If the old racing adage, “what wins on Sunday sells on Monday,” carries any truth, there must have been a lot of foot traffic in Honda dealers this year. Riding the CRF450R, Honda rider Ricky Carmichael did the unthinkable, winning every race of the 2004 AMA National Motocross Championship—a perfect season. Anyone who knows the level of talent and the caliber of machines that line up at the starting gate each weekend at those races understands the statement Honda has made with their race-bred 450cc 4-stroke.
First things first: The CRF450R will frighten the meek and toss the disrespectful. At the same time, it will elevate the willing novice, enthrall the astute intermediate, and level the playing field for the expert rider. Make no mistake, Honda built this machine to win races. However, it wouldn’t be a Honda if it hadn’t been designed with the intention of being ridden by a wide range of enthusiasts. With engine and chassis upgrades, Honda has created a motocross machine with very little to complain about and very little left to improve on. (Click image to enlarge)
The heart and soul of the CRF is its engine. As can be expected of a 4-stroke, the motor produces an enormous amount of torque at low rpm and the power comes on even and smooth. The 55 horses hit solidly, and throttle response is surprisingly crisp with a steady and predictable delivery to the rear wheel resulting in a motorcycle that is fun to ride despite its racing pedigree. For motocross, that translates into less fatigue for the rider. Our test rider, Scott Johnson, was able to circulate the entire test track in second and third gear, using both the abundant power to pull out of slow turns and the high rev limit—9,000 rpm—to get down straights and up hills. An engine this powerful and forgiving allows the rider to put more concentration on the track instead of working to keep the bike in its powerband. This renders lower, consistent lap times.
The Honda turns exceptionally well, holds its line and goes exactly where the rider aims it. Jumps are an equally predictable affair, with the attitude of the motorcycle being set with throttle input on take-off. Mid-air corrections are made easy with the CRF’s light feel. Honda shaved some weight for 2005, bringing the 450 in at an amazing 218.5 lbs., as well as narrowing the width of the machine where it counts: at the tank/seat junction for rider comfort and maneuverability.(Click image to enlarge)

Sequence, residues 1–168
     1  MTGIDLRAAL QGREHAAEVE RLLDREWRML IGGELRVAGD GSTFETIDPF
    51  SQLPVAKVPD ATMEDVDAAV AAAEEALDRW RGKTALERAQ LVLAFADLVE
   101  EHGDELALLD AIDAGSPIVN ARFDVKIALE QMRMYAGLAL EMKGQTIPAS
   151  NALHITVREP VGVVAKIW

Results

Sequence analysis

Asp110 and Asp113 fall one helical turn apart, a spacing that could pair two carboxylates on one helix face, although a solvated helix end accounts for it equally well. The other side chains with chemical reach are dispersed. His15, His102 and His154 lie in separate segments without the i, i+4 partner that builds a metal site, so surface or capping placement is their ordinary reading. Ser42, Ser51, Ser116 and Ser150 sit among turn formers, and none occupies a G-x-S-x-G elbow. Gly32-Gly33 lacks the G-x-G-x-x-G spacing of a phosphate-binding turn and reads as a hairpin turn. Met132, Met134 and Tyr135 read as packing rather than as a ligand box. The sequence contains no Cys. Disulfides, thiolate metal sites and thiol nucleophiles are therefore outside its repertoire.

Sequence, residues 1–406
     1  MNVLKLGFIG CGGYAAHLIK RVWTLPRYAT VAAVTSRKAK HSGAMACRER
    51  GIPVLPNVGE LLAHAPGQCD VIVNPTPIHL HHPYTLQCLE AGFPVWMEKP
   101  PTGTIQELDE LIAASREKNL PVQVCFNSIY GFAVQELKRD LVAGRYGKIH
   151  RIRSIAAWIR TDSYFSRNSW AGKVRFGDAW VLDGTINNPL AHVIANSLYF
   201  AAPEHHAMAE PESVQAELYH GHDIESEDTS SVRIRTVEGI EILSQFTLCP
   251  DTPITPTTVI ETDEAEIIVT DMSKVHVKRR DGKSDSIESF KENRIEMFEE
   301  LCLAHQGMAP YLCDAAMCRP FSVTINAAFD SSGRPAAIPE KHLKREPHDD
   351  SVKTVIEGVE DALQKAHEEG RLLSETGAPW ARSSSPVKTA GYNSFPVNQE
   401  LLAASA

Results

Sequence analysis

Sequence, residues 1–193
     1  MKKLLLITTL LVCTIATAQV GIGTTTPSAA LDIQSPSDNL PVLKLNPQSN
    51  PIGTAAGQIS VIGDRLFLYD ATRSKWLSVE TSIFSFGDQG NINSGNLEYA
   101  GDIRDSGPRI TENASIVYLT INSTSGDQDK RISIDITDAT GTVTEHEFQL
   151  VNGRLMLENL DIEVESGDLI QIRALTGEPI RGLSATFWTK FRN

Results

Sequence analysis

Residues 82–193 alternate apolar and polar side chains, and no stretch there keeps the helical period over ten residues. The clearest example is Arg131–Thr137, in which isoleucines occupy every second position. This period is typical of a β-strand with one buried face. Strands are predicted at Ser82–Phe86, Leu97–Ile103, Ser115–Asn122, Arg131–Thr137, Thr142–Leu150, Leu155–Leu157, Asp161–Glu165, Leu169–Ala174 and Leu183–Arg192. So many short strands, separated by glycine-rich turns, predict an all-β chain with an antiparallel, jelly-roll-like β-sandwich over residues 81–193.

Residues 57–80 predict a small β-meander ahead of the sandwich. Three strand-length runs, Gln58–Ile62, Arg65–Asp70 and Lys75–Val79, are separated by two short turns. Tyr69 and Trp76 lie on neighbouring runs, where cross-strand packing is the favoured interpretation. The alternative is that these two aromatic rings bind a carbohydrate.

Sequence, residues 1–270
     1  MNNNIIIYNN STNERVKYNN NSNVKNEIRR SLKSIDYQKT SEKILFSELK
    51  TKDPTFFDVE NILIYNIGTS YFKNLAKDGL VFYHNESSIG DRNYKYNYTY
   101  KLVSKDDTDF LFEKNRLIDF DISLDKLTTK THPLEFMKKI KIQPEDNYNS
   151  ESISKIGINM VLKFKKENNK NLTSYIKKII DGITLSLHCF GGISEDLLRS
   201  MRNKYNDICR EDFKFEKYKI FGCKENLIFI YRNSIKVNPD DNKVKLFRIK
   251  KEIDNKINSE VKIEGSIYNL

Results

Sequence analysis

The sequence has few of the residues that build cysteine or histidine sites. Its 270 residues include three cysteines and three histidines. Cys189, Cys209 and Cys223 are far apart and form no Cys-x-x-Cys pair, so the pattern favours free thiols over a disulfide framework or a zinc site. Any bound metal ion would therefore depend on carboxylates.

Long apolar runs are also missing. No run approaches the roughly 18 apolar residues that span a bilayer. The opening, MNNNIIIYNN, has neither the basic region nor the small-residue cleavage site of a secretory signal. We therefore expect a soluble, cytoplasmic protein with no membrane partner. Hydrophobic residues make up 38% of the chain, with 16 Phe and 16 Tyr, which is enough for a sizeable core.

Motocross is all about stability and suspension and the CRF’s fully adjustable 47mm inverted Showa front fork and Pro-Link Showa single shock rear suspension deliver a full 12.5 inches of travel at each end. Scott intentionally tried to get the rear of the bike to step out or become unstable in the whoop section—unsuccessfully. No matter how he attacked the ruts, the bike’s attitude remained controlled, tracking straight with the suspension soaking up the nastiness without incident.
Honda has taken an already potent machine and made it stronger and faster. Transmission, clutch and controls are first rate and bulletproof. Plastic is sleek and simple. When asked what he would do to the CRF450R to make it better, Johnson hesitated, considered, then shrugged. A tacit approval from a former professional National, Supercross and Grand Prix competitor.
Evolution of the 4-stroke
The air pollution factor inherent in 2-stroke engines, which require an oil/gas pre-mix for lubrication, has resulted in an inevitable, eventual ban on their production and use. Hence, motorcycle manufacturers turned their engineers loose several years ago on developing competitive, environmentally friendly 4-strokes. They’ve made good progress. Any questions the skeptics had about the potential performance limitations in the 2-stroke versus 4-stroke battle have been sufficiently answered. Well, squashed actually. Honda factory rider Ricky Carmichael put the period on that statement himself when he wrapped up the number one plate. With the CRF450R, Honda has begun to swing the door closed on the 2-stroke era and in turn, has kicked the door to the 4-stroke era wide open.